Now, that said, I am actually all about what Steinhart is doing! And I want to close this post by explaining two ways in which I am, and two ways I think those can be improved.
First, I want to encourage others to philosophize more Platonically. Identify your First Principle! Let it unravel its formal description of reality by the logical trajectory it sets. Let’s move passed the nonsense of nominalism, and consciously share a domain of discourse that respects the objects that make it intelligible in the first place. This is the sort of convergence by which progress is made.
On this point, I learned a number of things from Steinhart’s presentation, and was inspired to think of my own project in more mathematical terms.
Second, I want us all to move beyond the reductive theories of divinity that have plagued the philosophy of religion. So, on this front as well, I want to encourage others to move passed thinking of Gods as just superhuman creatures, running around the universe, leaving cosmic footprints behind. We need to move beyond cryptozoology folks! We need to get back to thinking in terms of First Principles.
How do I think these can be improved?
Well, as far as others thinking more Platonically, I think we should come to a point where we share the same First Principle. So, for example, while Steinhart teaches us all how atheists can think systematically in Platonic ways, he begins with the Zero instead of the One. In fact, he mischaracterizes the One of Platonism as Being Itself.
But, as Plato himself said, “the One neither is, nor is one,” (Parm. 141e). And this is reiterated in resounding chorus through the tradition. So, you’ll find Plotinus going to great lengths, for example, trying to show that the One precedes Being, and that even Number is subsequent to the One, and later Platonists such as Iamblichus and Proclus were even more explicit about this.
For the Platonist, the One is what makes things to be ‘countable’, or ‘unique’; to be individuated as one thing, and so the One is not itself a one, countable or unique thing. In and of itself, it is not anything. It is purely negative. It’s like a façon de parler, or an arbitrary object, in logical terms.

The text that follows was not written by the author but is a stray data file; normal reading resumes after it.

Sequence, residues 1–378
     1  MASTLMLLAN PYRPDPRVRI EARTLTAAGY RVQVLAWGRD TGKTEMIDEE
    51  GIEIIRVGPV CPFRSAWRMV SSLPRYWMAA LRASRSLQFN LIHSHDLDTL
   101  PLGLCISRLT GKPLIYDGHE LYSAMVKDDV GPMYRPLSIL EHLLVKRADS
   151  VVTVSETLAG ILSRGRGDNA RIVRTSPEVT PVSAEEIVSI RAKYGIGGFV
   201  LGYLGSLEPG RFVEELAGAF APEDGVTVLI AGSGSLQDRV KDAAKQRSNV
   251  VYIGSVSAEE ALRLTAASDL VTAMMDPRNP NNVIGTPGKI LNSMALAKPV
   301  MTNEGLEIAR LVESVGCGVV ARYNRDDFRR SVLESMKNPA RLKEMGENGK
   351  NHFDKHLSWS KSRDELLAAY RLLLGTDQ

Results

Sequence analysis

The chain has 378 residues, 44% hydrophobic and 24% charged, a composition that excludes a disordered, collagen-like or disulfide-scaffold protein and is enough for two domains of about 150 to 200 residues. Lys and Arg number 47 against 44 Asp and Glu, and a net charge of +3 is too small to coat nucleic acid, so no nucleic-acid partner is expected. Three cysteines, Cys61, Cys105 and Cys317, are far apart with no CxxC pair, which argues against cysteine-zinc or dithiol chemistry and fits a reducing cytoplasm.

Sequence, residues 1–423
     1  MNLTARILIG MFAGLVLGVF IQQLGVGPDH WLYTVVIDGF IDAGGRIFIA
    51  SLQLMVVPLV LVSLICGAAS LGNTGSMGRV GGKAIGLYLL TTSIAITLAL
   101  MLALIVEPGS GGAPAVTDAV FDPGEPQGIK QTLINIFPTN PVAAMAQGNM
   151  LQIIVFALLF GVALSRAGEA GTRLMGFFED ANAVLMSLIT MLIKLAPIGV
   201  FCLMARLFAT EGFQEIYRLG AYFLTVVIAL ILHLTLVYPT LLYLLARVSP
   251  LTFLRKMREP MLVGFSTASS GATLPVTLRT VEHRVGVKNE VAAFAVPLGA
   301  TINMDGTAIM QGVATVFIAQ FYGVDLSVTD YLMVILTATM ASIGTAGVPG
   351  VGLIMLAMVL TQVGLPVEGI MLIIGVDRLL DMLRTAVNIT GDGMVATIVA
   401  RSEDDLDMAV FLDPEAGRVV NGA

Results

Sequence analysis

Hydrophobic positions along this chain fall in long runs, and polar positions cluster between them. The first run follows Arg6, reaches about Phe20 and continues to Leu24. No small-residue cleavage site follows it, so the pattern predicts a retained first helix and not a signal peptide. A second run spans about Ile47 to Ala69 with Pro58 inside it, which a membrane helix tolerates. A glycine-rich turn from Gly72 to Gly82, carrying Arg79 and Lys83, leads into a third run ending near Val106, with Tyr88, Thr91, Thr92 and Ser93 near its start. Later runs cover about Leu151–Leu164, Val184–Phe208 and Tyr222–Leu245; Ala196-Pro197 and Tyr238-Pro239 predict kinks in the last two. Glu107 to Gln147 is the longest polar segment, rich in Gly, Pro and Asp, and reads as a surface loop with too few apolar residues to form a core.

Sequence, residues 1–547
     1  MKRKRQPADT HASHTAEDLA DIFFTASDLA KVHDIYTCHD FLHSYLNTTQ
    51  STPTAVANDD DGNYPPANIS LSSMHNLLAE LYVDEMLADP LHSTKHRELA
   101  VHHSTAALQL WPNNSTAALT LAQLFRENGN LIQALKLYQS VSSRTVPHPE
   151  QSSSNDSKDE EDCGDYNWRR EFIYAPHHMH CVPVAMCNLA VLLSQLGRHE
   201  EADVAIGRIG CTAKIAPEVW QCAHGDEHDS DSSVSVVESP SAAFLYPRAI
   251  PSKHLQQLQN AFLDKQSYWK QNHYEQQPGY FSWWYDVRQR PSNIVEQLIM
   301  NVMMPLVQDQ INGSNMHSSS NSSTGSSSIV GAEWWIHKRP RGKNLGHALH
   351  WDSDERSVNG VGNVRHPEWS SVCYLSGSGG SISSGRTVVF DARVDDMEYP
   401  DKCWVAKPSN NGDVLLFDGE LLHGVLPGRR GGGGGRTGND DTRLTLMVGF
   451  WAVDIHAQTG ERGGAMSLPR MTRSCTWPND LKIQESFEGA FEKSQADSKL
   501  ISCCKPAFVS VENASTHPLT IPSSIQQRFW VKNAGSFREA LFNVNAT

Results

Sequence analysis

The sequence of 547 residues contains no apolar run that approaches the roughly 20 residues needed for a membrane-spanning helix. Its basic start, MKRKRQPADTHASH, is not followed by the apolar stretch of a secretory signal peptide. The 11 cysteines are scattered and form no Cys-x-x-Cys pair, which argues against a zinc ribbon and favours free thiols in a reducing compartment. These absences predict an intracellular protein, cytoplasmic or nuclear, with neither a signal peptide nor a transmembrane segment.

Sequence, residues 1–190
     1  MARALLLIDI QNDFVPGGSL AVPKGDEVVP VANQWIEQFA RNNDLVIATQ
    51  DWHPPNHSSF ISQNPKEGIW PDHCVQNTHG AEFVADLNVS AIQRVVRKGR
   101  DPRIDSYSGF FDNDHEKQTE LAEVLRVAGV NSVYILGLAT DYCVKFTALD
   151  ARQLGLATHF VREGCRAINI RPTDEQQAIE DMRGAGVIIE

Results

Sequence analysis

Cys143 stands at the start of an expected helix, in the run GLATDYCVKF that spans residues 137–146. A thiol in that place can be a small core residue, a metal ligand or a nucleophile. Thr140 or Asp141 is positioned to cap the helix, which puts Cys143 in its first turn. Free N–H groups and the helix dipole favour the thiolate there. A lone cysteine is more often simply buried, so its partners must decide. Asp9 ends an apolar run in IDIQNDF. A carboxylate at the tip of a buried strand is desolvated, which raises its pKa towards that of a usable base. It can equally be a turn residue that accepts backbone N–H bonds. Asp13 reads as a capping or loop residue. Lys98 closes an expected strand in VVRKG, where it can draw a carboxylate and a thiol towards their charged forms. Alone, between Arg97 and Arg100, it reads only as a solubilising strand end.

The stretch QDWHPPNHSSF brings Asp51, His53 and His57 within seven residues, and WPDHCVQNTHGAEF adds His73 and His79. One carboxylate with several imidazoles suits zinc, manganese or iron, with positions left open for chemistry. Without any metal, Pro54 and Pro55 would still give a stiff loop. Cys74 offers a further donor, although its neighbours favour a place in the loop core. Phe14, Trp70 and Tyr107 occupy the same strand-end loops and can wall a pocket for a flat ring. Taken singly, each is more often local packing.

Insofar as the Zero is anything whatsoever, in literally any sense at all, it will like everything else derive from the One. Insofar as the Zero is not, it is not a principle in any sense. I take his argument from non-being to being to show the necessity of Being, via the contradiction of non-being, rather than that there is some principle prior to the One. “Preceding” the One is like “happening” before time.
Because Eric does not start with the One, it seems to me that his system is like non-Platonic systems in general in that it does not theorize about the stratification of the totality of all things, but its causal order. In this respect, I take the Platonist to be doing something much deeper and indeed different.
As far as moving beyond anthropomorphic theism goes, I think he is absolutely right to call us all out for being chained to it as normative and so formative of our concepts and philosophical directions. However, it seems to me that Steinhart does not go far enough, and ends up operating under the shadow of the concept of theism he seeks freedom from. That is, he makes it out to be normative, granting it the claim it makes.
But, on a constitutive model of the First Principle, a God can constitute the more personal presence encountered in religious experience without being reducible to that limited moment. The problem, I submit, is not in conceiving of deity in personal, limited terms, but in reducing it to them.
It is because of this that we find the Platonists talking about the Gods in abstract and concrete terms. So, it is not, as Steinhart suggests, that Plato thought of Gods merely as celestial bodies, but that Plato thought of the Gods as, Aristotle’s terms, ‘encompassing the whole of Nature’ (Metaphysics 1074b). I cannot recommend Gerd van Riel’s work on Plato’s Polytheism enough.
In the end, I encourage people to think more in these Platonic terms, and make these attempts to derive everything in formal terms from a First Principle. But I also caution against blurring lines and forging associations where there are none.
My project is to popularize, modernize and advance the ancient Platonic school of thought. Eric’s is to create a new school of thought inspired by this one, but for atheists, by transforming Platonic Realism about abstract objects into a formal account of reality as derived from a First Principle.
I hope this post served to clarify some things, and in the constructive, collaborative way that I try more everyday to embody!